# Gelfond-Schneider Theorem

## Theorem

Let $\alpha$ and $\beta$ be algebraic numbers (possibly complex) such that $\alpha \notin \left\{{0, 1}\right\}$.

Let $\beta$ be irrational.

Then any value of $\alpha^\beta$ is transcendental.

## Proof

Let $\alpha$ be an algebraic number such that $\alpha \ne 0$ and $\alpha \ne 1$.

Let $\beta$ be an algebraic number such that some value of $\alpha^\beta$ is algebraic.

The result will follow if we can show that $\beta \in \Q$.

We treat only the special case that $\alpha, \beta \in \R$ and $\alpha > 0$, assuming that $\map \exp {\beta \ln \alpha}$ is algebraic for the real value of $\ln \alpha$.

Observe that $\alpha^{s_1 + s_2 \beta}$ is an algebraic number for all integers $s_1$ and $s_2$.

To establish the result, it is enough to show that there are two distinct pairs of integers $\tuple {s_1, s_2}$ and $\tuple {s'_1, s'_2}$ for which:

$s_1 + s_2 \beta = s'_1 + s'_2 \beta$

since that implies:

$\beta = \dfrac{s_1 − s'_1} {s'_2 − s_2} \in \Q$

We will choose $S$ sufficiently large and show such pairs exist with $0 \le s_1, s_2, s'_1, s'_2 < S$.

### Lemma 1

Let $a_1 \left({t}\right), \ldots, a_n \left({t}\right)$ be non-zero polynomials in $\R \left[{t}\right]$ of degrees $d_1, \ldots, d_n$ respectively.

Let $w_1, \ldots, w_n$ be pairwise distinct real numbers.

Then:

$\displaystyle F \left({t}\right) = \sum_{j \mathop = 1}^n a_j \left({t}\right) e^{w_j t}$

has at most $d_1 + \cdots + d_n + n − 1$ real roots (counting multiplicities).

### Lemma 2

Let $\map f z$ be an analytic function in the disk $D \subseteq \C: D = \set {z : \size z < R}$ for some real number $R > 0$.

Let $f$ also be continuous on the closure of $D$, that is, on $D^- = \set {z : \size z \le R}$.

Then:

$\forall z \in D^-: \size {\map f z} \le \size f_R$, where we set $\size f_R = \max_{\size z = R} \size {\map f z}$.

### Lemma 3

Let $r$ and $R$ be two real numbers such that $0 < r \le R$.

Let $f_1 \left({z}\right), f_2 \left({z}\right), \ldots, f_L \left({z}\right)$ be:

analytic in $D \subseteq \C: D = \left\{{z : \left|{z}\right| < R}\right\}$
continuous on the closure $D$, that is, $D^- = \left\{{z : \left \vert{z}\right \vert \le R}\right\}$.

Let $\zeta_1, \ldots, \zeta_L$ be complex numbers such that:

$\forall j \in \left\{{1, 2, \ldots, L}\right\}: \left|{\zeta_j}\right| \le r$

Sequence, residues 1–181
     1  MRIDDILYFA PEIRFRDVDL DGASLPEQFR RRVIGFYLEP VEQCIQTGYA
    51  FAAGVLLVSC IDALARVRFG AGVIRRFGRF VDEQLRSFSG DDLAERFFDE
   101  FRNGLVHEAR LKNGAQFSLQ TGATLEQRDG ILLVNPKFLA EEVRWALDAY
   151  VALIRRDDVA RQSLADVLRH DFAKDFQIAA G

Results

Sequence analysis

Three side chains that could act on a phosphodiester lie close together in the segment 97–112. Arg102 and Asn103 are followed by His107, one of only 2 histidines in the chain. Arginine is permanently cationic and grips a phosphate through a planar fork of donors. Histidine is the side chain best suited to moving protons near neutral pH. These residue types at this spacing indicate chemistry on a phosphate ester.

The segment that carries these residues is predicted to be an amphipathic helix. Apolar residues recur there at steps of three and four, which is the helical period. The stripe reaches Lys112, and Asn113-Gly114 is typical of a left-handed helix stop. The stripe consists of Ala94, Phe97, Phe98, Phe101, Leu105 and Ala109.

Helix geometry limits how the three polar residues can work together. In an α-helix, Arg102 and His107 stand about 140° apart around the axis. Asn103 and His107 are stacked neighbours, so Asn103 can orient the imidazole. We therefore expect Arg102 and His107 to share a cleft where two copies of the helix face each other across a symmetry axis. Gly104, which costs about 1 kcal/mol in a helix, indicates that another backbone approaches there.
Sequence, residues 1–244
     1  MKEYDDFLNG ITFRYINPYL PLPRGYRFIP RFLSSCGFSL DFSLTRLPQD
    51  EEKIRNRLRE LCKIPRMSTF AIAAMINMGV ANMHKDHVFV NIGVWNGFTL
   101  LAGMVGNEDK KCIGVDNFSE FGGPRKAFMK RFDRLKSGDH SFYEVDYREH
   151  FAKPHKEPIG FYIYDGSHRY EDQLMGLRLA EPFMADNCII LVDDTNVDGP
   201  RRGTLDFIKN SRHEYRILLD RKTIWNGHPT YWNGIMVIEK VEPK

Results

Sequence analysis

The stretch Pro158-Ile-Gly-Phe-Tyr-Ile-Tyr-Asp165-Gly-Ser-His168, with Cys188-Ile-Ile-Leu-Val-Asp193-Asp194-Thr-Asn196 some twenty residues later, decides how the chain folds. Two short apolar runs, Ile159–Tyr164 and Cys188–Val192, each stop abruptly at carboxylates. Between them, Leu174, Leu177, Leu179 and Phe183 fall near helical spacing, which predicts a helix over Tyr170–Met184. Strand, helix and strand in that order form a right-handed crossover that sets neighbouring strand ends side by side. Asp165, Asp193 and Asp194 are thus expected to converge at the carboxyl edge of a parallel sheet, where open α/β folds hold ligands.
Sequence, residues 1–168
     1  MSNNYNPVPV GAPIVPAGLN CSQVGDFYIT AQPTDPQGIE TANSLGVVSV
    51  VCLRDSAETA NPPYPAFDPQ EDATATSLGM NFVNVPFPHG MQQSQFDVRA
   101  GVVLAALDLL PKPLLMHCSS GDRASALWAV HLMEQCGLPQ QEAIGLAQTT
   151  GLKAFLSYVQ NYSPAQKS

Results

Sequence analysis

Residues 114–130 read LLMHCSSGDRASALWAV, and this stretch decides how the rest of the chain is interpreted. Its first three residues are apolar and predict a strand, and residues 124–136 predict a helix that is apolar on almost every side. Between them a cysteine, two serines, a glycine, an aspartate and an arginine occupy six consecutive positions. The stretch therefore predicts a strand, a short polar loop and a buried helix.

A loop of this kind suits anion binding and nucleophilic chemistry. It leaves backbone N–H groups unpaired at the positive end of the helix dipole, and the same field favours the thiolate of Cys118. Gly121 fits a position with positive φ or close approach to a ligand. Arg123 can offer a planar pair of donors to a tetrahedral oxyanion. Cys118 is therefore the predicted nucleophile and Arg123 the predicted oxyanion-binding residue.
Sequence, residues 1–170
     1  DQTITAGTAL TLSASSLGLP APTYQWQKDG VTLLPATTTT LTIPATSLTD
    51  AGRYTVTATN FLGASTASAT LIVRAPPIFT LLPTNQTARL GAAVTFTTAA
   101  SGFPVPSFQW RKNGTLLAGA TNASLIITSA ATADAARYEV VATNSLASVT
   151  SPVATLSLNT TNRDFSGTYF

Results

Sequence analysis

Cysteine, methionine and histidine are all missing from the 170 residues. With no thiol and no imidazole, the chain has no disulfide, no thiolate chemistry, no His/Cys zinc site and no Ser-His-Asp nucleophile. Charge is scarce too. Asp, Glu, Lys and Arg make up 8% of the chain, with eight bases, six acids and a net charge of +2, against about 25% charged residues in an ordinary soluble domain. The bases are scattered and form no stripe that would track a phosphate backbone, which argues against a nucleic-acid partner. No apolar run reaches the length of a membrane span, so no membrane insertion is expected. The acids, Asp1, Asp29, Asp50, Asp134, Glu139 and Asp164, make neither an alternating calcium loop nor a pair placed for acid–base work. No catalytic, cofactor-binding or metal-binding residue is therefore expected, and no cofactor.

Then the determinant:

$\Delta = \det \begin{bmatrix} f_1 \left({\zeta_1}\right) & \cdots & f_L \left({\zeta_1}\right) \\ \vdots & \ddots & \vdots \\ f_1 \left({\zeta_L}\right) & \cdots & f_L \left({\zeta_L}\right) \end{bmatrix}$

satisﬁes:

$\displaystyle \left|{\Delta}\right| \le \left({\frac R r}\right)^{−L \left({L−1}\right) / 2} L! \prod_{\lambda \mathop = 1}^L \left|{f_λ}\right|_R$

### Lemma 4

Let:

$\Delta = \det \left[{\alpha_{i, j}}\right]_{L \times L}$

where the $\alpha_{i,j}$ are algebraic numbers.

Suppose that $T$ is a positive (rational) integer for which $T \alpha_{i, j}$ is an algebraic integer for every $i, j \in \left\{{1, 2, \ldots, L}\right\}$.

Also, suppose that $\Delta \ne 0$.

Then there is a conjugate of $\Delta$ with absolute value $\ge T^{−L}$.

### Construction of the matrix $\boldsymbol M$ and outline of the proof

Let $c$ be a sufficiently large real number (which will be specified in due course).

Consider integers $L_0, L_1, S$ each $\ge 2$.

Let $L = \paren {L_0 + 1} \paren {L_1 + 1}$.

Observe that we can find such $L_0, L_1, S$ (and we do so) with:

$c L_0 \ln S \le L$, $c L_1 S \le L$, $L \le S^2$

For example, take $S$ large, and:

$L_0 = \floor {S \ln S}, L_1 = \floor {\dfrac S {2 \ln S} }$

Note that we could take $c = \ln \ln S$.

Consider the matrix $M$ described as follows.

Consider some arrangement $\left({s_1 \left({i}\right), s_2 \left({i}\right)}\right)$ of the $S^2$ integral pairs $\left({s_1, s_2}\right)$ with $0 \le s_1 < S$ and $0 \le s_2 < S$.

Also, consider some arrangement $\left({u \left({j}\right), v \left({j}\right)}\right)$, with $1 \le j \le L$, of the integral pairs $\left({u, v}\right)$ where $0 \le u \le L_0$ and $0 \le v \le L_1$.

Then we define:

$M = \left[{ \left({s_1 \left({i}\right) + s_2 \left({i}\right) \beta}\right)^{u \left({j}\right)} \left({\alpha^{s_1 \left({i}\right) + s_2 \left({i}\right) \beta} }\right)^{v \left({j}\right)} }\right]$

so that $M$ is a $S^2 \times L$ matrix.

The idea of the proof is to:

$(1): \quad$ Consider the determinant $\Delta$ of an arbitrary $L \times L$ submatrix of $M$ (any one will do).
$(2): \quad$ Use Lemma 3 to obtain an upper bound $B_1$ for the absolute value of $\Delta$ (or, more specifically, an upper bound for $\ln \left|{\Delta}\right|$).
$(3): \quad$ Use Lemma 4 to motivate that if $\Delta \ne 0$, then $\left|{\Delta}\right| \ge B_2$ for some $B_2 > B_1$.
$(4): \quad$ Conclude that $\Delta$ must be $0$ and, hence, the rank of $M$ is less than $L$.
$(5): \quad$ Take a linear combination of the columns of $M$ to obtain an $F \left({t}\right)$ as in Lemma 1 with less than $L$ roots but with $F \left({s_1 \left({i}\right) + s_2 \left({i}\right) \beta}\right) = 0$ for $1 \le i \le L$.
$(6): \quad$ Conclude that $\beta$ is rational as required.

### Upper bound for $\boldsymbol{|\Delta|}$

We have not specified the arrangements defining $\left({s_1 \left({i}\right), s_2 \left({i}\right)}\right)$ and $\left({u \left({j}\right), v \left({j}\right)}\right)$.

Therefore it suffices to consider $\Delta = \det \left[{f_j \left({\zeta_i}\right)}\right]$ where:

$f_j \left({z}\right) = z^{u \left({j}\right)} \alpha^{v \left({j}\right) z} \quad (1 \le j \le L)$

and:

$\zeta_i = s_1 \left({i}\right) + s_2 \left({i}\right) \beta \quad (1 \le i \le L)$

Observe that $u \left({j}\right)$ is a non-negative integer for each $j$.

Also, $\alpha^{v \left({j}\right) z} = \exp \left({v \left({j}\right) z \ln \alpha}\right)$, where $\ln \alpha$ denotes the real value of the logarithm.

Hence, $f_j \left({z}\right)$ is uniquely defined.

Then $f_j \left({z}\right)$ represents an entire function for each $j$.

Observe that:

$\left|{e^{z_1 z_2}}\right| = e^{\Re \left({z_1 z_2}\right)} \le e^{\left|{z_1 z_2}\right|} = e^{\left|{z1}\right| \left|{z2}\right|}$

for all complex numbers $z_1$ and $z_2$.

Hence, for any $R > 0$:

$\left|{f_j}\right|_R \le R^{u \left({j}\right)} e^{v \left({j}\right) R \left|{\ln \alpha}\right|}$

We use Lemma 3 with $r = S \left({1 + \left|{\beta}\right|}\right)$ and $R = e^2 r$.

Then for some constant $c_1 > 0$, we obtain: